Bellaubi, F. (2018). Teaching Geoethics as a Form of Eco-political Resistance. Published in the International Association for Promoting Geoethics (IAPG) Blog. Retrieved from https://iapgeoethics.blogspot.com/2018/11/teaching-geoethics-as-form-of-eco.html
Bellaubi, F., & Bustamante, R. (2018). Towards a New Paradigm in Water Management: Cochabamba’s Water Agenda from an Ethical Approach. Geosciences, 8, 177.
Boelens, R., Vos, J., & Perreault, T. (2018). Introduction: The Multiple Challenges and Layers of Water Justice Struggles. In R. Boelens, T. Perreault, & J. Vos (Eds.). Water Justice (pp. 1-32). Cambridge: Cambridge University Press.
Leonardo Boff, “Liberation Ecology,” interview by Allen White, Great Transition Initiative (August 2016), www.greattransition.org/publication/liberation-ecology.
Brighouse, H. & Swift, A. (2014). Family Values: The Ethics of Parent-Child Relationships. Princeton, US: Princeton University Press.
Camps, V. (2013). Breve Historia de la Etica. Barcelona, Spain: RBA Libros.
Chuvieco, E. (2012). Religious approaches to water management and environmental conservation. Water Policy, 14, 9–20.
Daly, H. E. (1987). The Economic Growth Debate: What Some Economists Have Learned But Many Have Not. Journal of Environmental Economics and Management , 14, 323- 336.
Francis, 2015, Laudato Si’: On Care for Our Common Home [Encyclical Letter, The Vatican Rome],, Rome, The Vatican.
Freire, P. (1970). Pedagogy of the oppressed. New York, NY: The Continuum International Publishing Group Inc.
Galleni, L., & Scalfari, F. (2005). Teilhard de Chardin's Engagement with the Relationship between Science and Theology in Light of Discussions about Environmental Ethics. Journal for the Study of Religion, Nature and Culture, Ecotheology, 10(2).
Glenna, L. (2010). Value-Laden Technocratic Management and Environmental Conflicts: The Case of the New York City Watershed Controversy. Science, Technology, & Human Values, 35(1).
Haliy, I. A. (2001). History of the Development of Ecological Nongovernmental Organizations in Russia. Proceedings of a Workshop: The Role of Environmental NGOs: Russian Challenges, American Lessons. Washington, D.C.: National Academy Press. Retrieved from https://www.nap.edu/read/10240/chapter/4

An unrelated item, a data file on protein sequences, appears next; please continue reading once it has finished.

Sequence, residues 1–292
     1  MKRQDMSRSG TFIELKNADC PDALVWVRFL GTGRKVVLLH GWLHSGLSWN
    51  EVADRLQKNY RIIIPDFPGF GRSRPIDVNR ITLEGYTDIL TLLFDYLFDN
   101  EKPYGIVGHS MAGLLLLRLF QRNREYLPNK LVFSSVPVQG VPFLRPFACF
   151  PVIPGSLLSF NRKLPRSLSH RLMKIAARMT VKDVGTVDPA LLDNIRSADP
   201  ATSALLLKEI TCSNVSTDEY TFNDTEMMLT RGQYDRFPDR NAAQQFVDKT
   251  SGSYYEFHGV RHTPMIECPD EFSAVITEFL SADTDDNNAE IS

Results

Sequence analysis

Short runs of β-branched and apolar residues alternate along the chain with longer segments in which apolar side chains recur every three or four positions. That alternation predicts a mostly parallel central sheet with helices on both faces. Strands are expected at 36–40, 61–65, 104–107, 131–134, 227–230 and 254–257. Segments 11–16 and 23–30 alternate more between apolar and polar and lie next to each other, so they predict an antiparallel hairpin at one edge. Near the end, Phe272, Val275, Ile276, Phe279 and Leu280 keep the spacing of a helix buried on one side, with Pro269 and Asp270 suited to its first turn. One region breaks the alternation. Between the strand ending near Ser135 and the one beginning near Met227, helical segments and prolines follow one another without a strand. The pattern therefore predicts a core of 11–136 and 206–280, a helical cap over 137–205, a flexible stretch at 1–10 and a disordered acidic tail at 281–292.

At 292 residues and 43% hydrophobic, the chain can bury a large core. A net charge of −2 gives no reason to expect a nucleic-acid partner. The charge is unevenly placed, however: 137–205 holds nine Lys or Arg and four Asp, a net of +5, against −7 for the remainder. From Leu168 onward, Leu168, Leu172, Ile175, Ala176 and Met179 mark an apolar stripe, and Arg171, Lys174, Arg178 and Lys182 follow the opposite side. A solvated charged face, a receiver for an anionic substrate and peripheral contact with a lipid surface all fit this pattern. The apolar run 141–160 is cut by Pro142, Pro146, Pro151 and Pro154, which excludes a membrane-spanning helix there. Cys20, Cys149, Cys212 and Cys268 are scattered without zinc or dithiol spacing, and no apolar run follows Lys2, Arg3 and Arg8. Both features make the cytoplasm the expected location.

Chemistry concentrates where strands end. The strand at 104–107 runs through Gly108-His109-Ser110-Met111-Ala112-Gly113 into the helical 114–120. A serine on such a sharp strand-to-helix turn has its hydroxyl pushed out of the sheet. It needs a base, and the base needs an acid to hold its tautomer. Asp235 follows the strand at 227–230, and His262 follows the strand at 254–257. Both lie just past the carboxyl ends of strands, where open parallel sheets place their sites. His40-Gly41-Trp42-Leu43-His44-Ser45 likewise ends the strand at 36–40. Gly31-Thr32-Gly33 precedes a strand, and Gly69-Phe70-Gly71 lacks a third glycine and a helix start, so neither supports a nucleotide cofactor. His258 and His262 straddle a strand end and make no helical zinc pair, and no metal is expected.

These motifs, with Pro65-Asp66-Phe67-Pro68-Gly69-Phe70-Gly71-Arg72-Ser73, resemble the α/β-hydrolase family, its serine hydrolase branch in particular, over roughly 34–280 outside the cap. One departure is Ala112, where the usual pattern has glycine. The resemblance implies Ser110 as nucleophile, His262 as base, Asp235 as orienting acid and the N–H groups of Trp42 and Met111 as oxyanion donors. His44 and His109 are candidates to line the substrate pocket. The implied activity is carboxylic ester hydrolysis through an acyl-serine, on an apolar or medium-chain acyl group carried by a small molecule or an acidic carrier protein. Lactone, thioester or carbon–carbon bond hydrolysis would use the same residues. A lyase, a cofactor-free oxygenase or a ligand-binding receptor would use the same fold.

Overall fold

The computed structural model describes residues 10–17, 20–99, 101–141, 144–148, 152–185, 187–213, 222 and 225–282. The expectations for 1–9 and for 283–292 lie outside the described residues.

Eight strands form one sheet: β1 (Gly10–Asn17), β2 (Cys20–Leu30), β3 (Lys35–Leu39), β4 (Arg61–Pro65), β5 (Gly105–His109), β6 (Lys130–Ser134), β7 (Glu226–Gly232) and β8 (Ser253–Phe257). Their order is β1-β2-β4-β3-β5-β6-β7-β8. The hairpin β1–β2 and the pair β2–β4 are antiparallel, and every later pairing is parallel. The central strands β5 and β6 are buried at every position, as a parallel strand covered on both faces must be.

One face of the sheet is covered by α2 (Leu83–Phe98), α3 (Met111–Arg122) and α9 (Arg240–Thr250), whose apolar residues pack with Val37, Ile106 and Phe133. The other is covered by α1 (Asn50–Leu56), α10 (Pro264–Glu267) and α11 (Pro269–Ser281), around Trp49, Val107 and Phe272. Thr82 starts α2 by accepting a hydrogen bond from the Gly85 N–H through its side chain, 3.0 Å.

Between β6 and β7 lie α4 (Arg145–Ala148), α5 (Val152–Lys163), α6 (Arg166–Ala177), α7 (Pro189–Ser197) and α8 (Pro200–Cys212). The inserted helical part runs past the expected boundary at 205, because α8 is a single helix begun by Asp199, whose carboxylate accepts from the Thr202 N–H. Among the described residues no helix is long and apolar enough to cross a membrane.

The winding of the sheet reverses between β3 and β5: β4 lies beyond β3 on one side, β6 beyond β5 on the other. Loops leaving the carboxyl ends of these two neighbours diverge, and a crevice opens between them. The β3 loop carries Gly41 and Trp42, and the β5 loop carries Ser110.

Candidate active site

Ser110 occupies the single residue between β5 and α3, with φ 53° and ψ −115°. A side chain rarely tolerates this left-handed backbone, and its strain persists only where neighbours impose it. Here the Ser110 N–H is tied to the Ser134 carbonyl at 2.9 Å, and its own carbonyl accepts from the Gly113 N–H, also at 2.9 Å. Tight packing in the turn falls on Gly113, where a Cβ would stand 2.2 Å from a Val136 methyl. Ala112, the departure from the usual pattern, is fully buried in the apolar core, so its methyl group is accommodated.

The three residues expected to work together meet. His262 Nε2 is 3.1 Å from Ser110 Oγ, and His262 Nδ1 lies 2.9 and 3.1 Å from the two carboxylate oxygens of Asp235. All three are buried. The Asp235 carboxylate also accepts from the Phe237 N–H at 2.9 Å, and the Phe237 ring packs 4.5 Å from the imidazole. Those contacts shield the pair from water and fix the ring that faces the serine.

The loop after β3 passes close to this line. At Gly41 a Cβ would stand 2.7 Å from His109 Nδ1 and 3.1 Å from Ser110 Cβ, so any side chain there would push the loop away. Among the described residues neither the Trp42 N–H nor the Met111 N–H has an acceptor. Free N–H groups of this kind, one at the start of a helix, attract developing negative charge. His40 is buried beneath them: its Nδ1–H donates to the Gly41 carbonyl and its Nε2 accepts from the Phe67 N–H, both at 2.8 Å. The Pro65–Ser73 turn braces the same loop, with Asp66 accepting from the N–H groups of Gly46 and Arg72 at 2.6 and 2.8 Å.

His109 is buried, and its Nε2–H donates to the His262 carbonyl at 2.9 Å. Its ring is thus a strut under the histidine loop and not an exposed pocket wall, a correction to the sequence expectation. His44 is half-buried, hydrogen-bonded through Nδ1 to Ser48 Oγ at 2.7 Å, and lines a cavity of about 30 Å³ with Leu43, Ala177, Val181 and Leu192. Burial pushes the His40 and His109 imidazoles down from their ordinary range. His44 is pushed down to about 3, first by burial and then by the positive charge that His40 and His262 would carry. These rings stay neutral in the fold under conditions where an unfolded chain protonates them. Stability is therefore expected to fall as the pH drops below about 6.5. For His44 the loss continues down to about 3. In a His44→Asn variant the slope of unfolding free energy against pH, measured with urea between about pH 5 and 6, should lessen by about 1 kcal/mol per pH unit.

Knott, D., Muers, S., & Aldridge, S. (2008). Achieving Culture Change: A Policy Framework. London: Cabinet Office.
Kortetmäki, T., 2017, Justice in and to Nature: An Application of the Broad Framework of Environmental and Ecological Justice. PhD thesis. The Faculty of Humanities and Social Sciences of the University of Jyväskylä, Finland.
Kovel, J. (2007). The Enemy of Nature—The End of Capitalism or the End of the World. London: Zed Books.
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Kumagai, K. (2000). Value-creating pedagogy and Japanese education in the modern era. In Ideas and Influence of Tsunesaburo Makiguchi (pp. 29-45). Tokyo: The Institute of Oriental Philosophy.
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McIntosh, A. and Carmichael, M. (2015). Spiritual Activism: Leadership as service. Cambridge, UK: Green Books.
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Postman, N. (1993). Technopoly the surrender of culture to technology. New York: Vintage Books.
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TIAS webinar on the findings and options for GEO and other assessments
The sixth edition of the Global Environmental Outlook (GEO-6) was launched in March of this year. In addition to providing a comprehensive assessment of the state of the environment, GEO-6 has taken a solution oriented approach presenting an evaluation of current environmental policies and exploring policy options for transformative change with the use of scenarios, which is considered to be necessary in order to achieve the SDGs.
In a TIAS webinar on June 14, Paul Ekins of University College London and Co-Chair of GEO-6 presented the Findings of the GEO-6
presented the findings of GEO. Jan Bakkes, TIAS vice-president and co-author of an upcoming book on the 25 year history of GEO, reflected on Lessons learned from past GEOs
Pierre Boileau, Head of the Global Environmental Outlook of UN Environment looked forward by Setting the scene for Future GEO. A panel including the three presenters together with
Martin Kowarsch, Head of the “Scientific Assessments, Ethics, and Public Policy” working group at Mercator Research Institute on Global Commons and Climate Change and Paul Lucas of the Netherlands Environmental Assessment Agency reflected together on the findings of GEO 6 and provided recommendations for the set-up of future global environmental assessments. A recording of the webinar is available: go to webinar recording.